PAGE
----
MACH Input Files
MACH input files include information on experimental genotypes for a set of individuals and, optionally, on a set of known
haplotypes. MACH can use estimate haplotypes for each sampled individual (conditional on the observed genotypes) or fill in missing
genotypes (conditional on observed genotypes at flanking markers and on the observed genotypes at other individuals). Since an
essential first step in any analysis is to make sure data is formatted correctly, it is worthwhile to go over the input files MACH
expects and their formats.
The essential inputs for MACH are a set of observed genotypes for each individual being studied. Typically, MACH expects that all
the markers being examined map to one chromosome and that appear in map order in the input files. These requirements
can be relaxed when using phased haplotypes as input (see below).
MACH expects observed genotype data to be stored in a set of matched pedigree and data files. The two files are intrinsically
linked, the data file describes the contents of the pedigree file (every pedigree file is slightly different) and the pedigree
file itself can only be decoded with its companion data file. The two files can use either the more modern Merlin/QTDT format or the classic LINKAGE format. Detailed descriptions of each format are available elsewhere,
and here we focus on providing an overview of the bare essentials of the Merlin/QTDT format required for using MACH.
Data files can describe a variety of fields, including disease status information, quantitative traits and covariates, and marker
genotypes. A simple MACH data file simply lists names for a series of genetic markers. Each marker name appears its own line prefaced
by an " M " field code. Here is an example:
<Example of a simple data file>
<End of simple data file>
The actual genotypes are stored in a pedigree file. The pedigree file encodes one individual per row. Each row should start with an
family id and individual id, followed by a father and mother id (which typically are both set to 0, 'zero', since the current version
of MACH assumes all sampled individuals are unrelated), and sex. These initial columns are followed by a series of marker genotypes,
each with two alleles. Alleles can be coded as 1, 2, 3, 4 or A, C, G, T. See below for an example:
<Example of a pedigree file with numerically coded alleles>
FAM1001 ID1234 0 0 M 1 1 1 2 2 2
FAM1002 ID5678 0 0 F 1 2 2 2 3 3
<End of pedigree file>
<Example of a pedigree file with base-pair coded alleles>
FAM1001 ID1234 0 0 M A A A C C C
FAM1002 ID5678 0 0 F A C C C G G
<End of pedigree file>
In the MACH command line, the name of the data and pedigree files is indicated with the -d and -p options (in short
hand form) or the --datfile and --pedfile options (in long form) respectively. For example:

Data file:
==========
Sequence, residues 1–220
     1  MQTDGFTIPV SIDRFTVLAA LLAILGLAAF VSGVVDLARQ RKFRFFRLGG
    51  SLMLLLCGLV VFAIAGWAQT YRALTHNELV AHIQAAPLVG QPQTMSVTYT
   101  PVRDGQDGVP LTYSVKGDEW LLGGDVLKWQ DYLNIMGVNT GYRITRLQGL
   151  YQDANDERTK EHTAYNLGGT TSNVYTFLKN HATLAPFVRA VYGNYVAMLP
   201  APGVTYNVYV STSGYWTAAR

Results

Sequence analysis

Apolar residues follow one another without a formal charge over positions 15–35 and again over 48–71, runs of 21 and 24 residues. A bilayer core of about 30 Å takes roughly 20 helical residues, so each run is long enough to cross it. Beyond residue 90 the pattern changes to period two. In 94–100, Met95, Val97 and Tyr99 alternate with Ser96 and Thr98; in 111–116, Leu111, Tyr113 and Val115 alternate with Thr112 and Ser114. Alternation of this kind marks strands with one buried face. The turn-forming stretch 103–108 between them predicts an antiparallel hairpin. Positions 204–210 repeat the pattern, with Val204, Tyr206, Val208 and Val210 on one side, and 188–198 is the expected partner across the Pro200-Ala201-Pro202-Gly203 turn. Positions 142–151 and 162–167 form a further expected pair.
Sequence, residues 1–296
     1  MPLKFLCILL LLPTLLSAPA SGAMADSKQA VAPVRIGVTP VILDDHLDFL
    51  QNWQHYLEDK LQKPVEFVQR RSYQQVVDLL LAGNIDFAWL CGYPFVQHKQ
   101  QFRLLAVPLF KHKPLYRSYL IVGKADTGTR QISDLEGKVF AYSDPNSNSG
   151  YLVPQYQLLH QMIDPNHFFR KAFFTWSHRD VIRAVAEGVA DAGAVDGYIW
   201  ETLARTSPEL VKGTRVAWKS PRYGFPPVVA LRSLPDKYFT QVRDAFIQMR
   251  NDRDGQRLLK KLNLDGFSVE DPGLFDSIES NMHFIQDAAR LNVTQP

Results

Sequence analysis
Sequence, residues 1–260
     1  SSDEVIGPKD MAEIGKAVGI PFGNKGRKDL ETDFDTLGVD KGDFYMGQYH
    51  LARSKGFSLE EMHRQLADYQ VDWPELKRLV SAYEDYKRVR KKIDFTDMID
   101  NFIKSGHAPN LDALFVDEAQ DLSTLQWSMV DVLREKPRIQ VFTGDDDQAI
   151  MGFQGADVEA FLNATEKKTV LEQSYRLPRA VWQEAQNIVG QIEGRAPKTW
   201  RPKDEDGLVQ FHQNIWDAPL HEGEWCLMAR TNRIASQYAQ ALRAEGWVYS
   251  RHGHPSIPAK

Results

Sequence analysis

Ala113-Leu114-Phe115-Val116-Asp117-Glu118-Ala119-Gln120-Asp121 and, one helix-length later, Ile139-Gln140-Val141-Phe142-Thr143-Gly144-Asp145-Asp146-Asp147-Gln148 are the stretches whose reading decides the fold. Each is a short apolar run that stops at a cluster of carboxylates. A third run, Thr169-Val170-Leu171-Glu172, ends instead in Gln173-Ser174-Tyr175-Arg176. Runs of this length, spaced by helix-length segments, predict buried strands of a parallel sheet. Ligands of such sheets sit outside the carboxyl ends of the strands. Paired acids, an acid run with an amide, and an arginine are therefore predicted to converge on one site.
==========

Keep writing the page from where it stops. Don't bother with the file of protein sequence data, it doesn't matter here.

mach -d genotypes.dat -p genotypes.ped
Optional Phased Haplotypes
For many analyses, but in particular for genotype imputation, it can be very helpful to provide a set of reference haplotypes as
input. Reference haplotypes can include genotypes for markers that were not examined in your own sample but which can, often, be
inputed based on genotypes at flanking markers. Most commonly, these haplotypes might be derived from a public resource such as the International HapMap Project and, eventually, the 1000 Genomes
Project. You can retrieve a current set of phased HapMap format haplotypes from www.hapmap.org/downloads/phasing/.
Phase haplotype information is encoded in two files. The first file (which MACH calls the "snp file") lists the markers in the
phased haplotype. The second file (which MACH calls the "haplotype file") lists one haplotype per line. If you retrieved these files
from the HapMap website, simply combine the --hapmapFormat option with the --snp option to indicate the name of the
HapMap legend file and the --haps option to indicate the name of the file with phased haplotypes. Here is an example:
prompt> mach1 --hapmapFormat --snps genotypes_chr1_CEU_r22_nr.b36_fwd_legend.txt.gz --haps genotypes_chr1_CEU_r22_nr.b36_fwd.phase.gz ...
If you don't use the --hapmapFormat option, MACH expects the snp file (indicated with the --snps option) to simply
list one marker name per line and the haplotype files (indicated with the --haps option) to list one haplotype per line.
Haplotypes can be prefaced by one or two optional labels followed by a series of single character alleles, one for each marker. Within
each haplotype, spaces are ignored. Here are two examples:
<Example of a snp list file>
<End of snp list file>
In the sample haplotype file below, note that the first two columns are automatically ignored (because, based on the legend file,
MACH knows the phased haplotypes should include only 13 markers, corresponding to the last string of digits on each line). Also note
that the alleles A, C, G, and T have been recoded as digits 1, 2, 3, and 4.
<Example of a phased haplotype file>
FAMILY1->PERSON1 HAPLO1 2332323244332
FAMILY1->PERSON1 HAPLO2 2332323422132
FAMILY2->PERSON1 HAPLO1 3332323244332
FAMILY2->PERSON1 HAPLO2 3311321242332
<End of phased haplotype file>
If you provide a MACH a set of reference haplotypes as input, the marker order in the phased haplotypes overrides any marker order
that may be specified in the pedigree and data files that contain the genotype data. This means that one convenient way to re-order
markers in your original pedigree and data file is to simply create an empty haplotype file and a companion snp that lists markers in
the desired order. When you provide these two as input, they'll overwrite the marker order specified in the data file.
Useful Tip: You can usually economize disk space by using gzip to
compress your input files (the data and pedigree files and any files containing the reference haplotypes). MACH can automatically
recognize gzipped files and decompress them on the fly.
That is all you should need to get started!